Having read all the glass door reviews I tend to arrive at the conclusion that SS is a disorganised mess run by conflicting dept heads and the usual cluster f##k of chief execs. who were promoted above their pay grade.

You only have to see how the site no longer works to see how this company really doesn't work.

These people are not fit for purpose.

« Reply #4 on: August 26, 2017, 04:48 »
+7
Which new platform are you talking about? I'm receiving x10 copies of status report from SS every time they approve my batch of images, instead of just one. Happening for some time already, contacted them with no response so far. This is not a technology company, but some amateur-run startup which accidentally happened to have the biggest portfolio.

P.S. Thanks for keeping us up-to-date with news about SS.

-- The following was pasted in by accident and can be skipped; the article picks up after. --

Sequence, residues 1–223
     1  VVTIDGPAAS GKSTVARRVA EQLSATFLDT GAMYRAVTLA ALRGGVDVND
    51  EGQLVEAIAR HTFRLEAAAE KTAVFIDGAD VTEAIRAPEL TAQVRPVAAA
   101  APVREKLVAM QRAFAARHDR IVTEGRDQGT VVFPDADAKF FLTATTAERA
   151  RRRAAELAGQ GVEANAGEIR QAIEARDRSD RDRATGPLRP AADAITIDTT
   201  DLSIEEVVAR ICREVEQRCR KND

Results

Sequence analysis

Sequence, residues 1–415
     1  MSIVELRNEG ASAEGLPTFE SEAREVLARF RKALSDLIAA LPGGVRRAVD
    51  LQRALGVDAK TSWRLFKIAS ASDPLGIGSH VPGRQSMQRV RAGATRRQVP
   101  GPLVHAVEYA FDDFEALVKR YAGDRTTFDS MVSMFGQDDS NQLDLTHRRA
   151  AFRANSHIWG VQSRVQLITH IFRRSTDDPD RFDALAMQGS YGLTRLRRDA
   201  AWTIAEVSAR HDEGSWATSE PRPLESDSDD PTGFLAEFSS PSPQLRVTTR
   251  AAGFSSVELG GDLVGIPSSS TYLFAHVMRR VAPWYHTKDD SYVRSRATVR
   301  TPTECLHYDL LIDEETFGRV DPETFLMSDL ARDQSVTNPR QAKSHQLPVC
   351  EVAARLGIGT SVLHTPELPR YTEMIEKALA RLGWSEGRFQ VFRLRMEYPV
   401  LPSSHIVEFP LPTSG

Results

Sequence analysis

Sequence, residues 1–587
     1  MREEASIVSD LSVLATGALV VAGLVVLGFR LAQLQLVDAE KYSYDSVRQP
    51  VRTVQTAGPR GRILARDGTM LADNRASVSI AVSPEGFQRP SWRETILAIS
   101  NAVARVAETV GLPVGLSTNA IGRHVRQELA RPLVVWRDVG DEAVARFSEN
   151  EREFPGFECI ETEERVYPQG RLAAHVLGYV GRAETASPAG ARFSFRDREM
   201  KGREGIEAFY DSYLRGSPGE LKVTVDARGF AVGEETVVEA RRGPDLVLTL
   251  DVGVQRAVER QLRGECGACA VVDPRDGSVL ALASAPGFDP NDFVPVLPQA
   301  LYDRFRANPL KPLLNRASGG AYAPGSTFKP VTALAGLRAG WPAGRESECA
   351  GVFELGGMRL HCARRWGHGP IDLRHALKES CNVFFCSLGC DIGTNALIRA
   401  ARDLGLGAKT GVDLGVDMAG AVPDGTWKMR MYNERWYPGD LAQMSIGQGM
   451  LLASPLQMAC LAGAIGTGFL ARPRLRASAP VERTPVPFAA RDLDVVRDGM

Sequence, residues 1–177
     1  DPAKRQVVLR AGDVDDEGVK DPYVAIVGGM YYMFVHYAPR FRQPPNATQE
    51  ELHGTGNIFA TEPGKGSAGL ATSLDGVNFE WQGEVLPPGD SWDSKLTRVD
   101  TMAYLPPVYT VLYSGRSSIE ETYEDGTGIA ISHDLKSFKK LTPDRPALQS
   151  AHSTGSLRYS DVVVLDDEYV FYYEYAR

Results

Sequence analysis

« Reply #5 on: August 26, 2017, 04:54 »
+6
Which new platform are you talking about? I'm receiving x10 copies of status report from SS every time they approve my batch of images, instead of just one. Happening for some time already, contacted them with no response so far. This is not a technology company, but some amateur-run startup which accidentally happened to have the biggest portfolio.

P.S. Thanks for keeping us up-to-date with news about SS.
Was going to post something similar. That bug has been going on for years, along with uploads disappearing and now huge security holes with their API giving our work away for free for weeks (months?).
They obviously have huge problems with tech, if they haven't been able to fix any of these problems it could be a bit ambitious to try and roll out a new platform now.

Shelma1

« Reply #6 on: August 26, 2017, 07:09 »
+3
What a mess.  :(

Noedelhap

  • www.colincramm.com

« Reply #7 on: August 26, 2017, 09:05 »
+4
Is SS going to follow iStock in its footsteps as the next big stock business slowly sinking under the weight of its own size and mismanagement? I'd like to think SS is fundamentally different from iStock/Getty, but maybe it's the same kind of corporate/technical mess after all.

« Reply #8 on: August 26, 2017, 09:18 »
+5